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Old 04-15-2011, 02:26 AM   #21 (permalink)
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OK, Frank---same wavelength now!

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Old 04-15-2011, 06:46 AM   #22 (permalink)
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There's the opinion that there are other fringe benefits. Eg., that there is a drastic reduction in CO2 emissions (NOx, too) and a cleaning effect of the carbon in the engine. Just wondered if that alone is sufficient justification for installing a system---leave out the controversial MPG gains!
If the MPG gains are controversial - then so are the CO2 emissions (in pretty much all cases).
Case 1: You 'make' the H2 on-board via electrical (& ultimately mechanical) load on the alternator. Even if this helps stabilise the burn for some HCCI configurations, the energy gains of the 'stabilisation' are outweighed by the 50%+ loss incurred through extra mechanical load on the engine.
Case 2: A large tank of H2 is stored onboard. The H2 is generated via - most probably - NG or some other FF. Still plenty of CO2 involved here.
Case 3: Like case 2, but H2 is from renewable electricity. The electricity is 'clean' yes, but electricity is highly valuable in it's own right.

In all three scenarios the amount of CO2 offset by any renewables in the entire system (including the demand for non-transport electricity) is lessened compared with the renewable electricity being used directly.
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Old 04-15-2011, 07:32 PM   #23 (permalink)
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+1 on Homogenious-Charge Compression-Ignition HCCI, which is basically an ICE, using Direct Injection, being operated under both ICE and DIESEL conditions...and switching back and forth between the two states as load conditions dictate by controlling "timing" of both fuel-injection timing (diesel) and ICE-ignition timing.
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Old 04-16-2011, 01:10 AM   #24 (permalink)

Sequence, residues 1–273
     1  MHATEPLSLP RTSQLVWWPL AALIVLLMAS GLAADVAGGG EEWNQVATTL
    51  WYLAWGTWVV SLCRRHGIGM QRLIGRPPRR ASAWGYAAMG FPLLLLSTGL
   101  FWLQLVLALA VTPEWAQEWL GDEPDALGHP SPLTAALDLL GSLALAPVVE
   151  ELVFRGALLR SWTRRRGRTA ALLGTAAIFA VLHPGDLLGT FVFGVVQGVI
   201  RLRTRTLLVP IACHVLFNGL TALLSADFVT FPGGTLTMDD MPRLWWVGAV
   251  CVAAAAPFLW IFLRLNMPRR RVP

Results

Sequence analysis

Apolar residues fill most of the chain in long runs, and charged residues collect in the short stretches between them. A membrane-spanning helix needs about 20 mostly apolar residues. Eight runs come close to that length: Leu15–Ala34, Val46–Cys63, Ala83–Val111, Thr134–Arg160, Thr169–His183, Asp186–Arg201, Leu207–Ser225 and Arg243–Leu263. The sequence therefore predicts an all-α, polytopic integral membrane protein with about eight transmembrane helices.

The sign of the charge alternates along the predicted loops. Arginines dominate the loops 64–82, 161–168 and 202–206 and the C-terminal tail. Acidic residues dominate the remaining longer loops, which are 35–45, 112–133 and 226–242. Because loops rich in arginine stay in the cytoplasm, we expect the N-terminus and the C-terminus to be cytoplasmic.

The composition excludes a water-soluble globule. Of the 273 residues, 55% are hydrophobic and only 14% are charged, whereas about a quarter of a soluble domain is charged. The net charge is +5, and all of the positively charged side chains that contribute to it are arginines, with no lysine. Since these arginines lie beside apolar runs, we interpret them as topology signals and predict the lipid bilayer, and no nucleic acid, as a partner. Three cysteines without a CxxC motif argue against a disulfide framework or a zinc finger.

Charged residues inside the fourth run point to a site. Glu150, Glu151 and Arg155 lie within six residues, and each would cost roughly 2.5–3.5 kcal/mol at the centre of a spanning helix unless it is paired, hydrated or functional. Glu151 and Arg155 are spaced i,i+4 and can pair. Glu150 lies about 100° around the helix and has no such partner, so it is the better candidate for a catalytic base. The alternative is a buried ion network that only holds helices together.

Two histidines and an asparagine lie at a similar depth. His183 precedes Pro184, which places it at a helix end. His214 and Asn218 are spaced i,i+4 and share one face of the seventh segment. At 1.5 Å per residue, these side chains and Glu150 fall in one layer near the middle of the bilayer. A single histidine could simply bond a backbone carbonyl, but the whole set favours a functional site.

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Thanks to you and Frank too for the expansion! Lots of stuff on 'search'.
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Old 05-22-2011, 05:26 PM   #25 (permalink)
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Ive also pondered about hydrogen generation on the fly to be used as a fuel additive. To me, I know energy will be lost in the transfer but that doesn't necessarily make it useless just because it looses energy. We have drivetrain losses, superchargers take energy to make energy, and even turbos loose energy while making energy. With all three we honestly dont get the energy out that is put in. Its interesting to see those who are such heavy nay sayers on that principle alone. Superchargers are known for their inefficiencies because of heat and the fact that it takes alot of horsepower to turn the belt to make it useful. So for some superchargers to add 100hp it might take away 35-45hp. The same thing might be happening with hydrogen generators. It may take 3hp with alternator load but it might make 5hp. So at the end of the day the gain is worth the loss.

A great many other things also need to be put into consideration too. Like the design, the solution mix, hose placement. Really, general efficiency of the added components.
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Old 05-23-2011, 12:42 AM   #26 (permalink)
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The Gain Is Worth The Loss!

Hi Floordford,
Thanks for your response. Never has a truer word been spoken!

You have certainly put some thought into this rather than rejecting the concept out of hand. Your analogy to supercharging is a case in point. That the gain may be worth the loss--IOW you come out positive, no matter how small the resultant gain.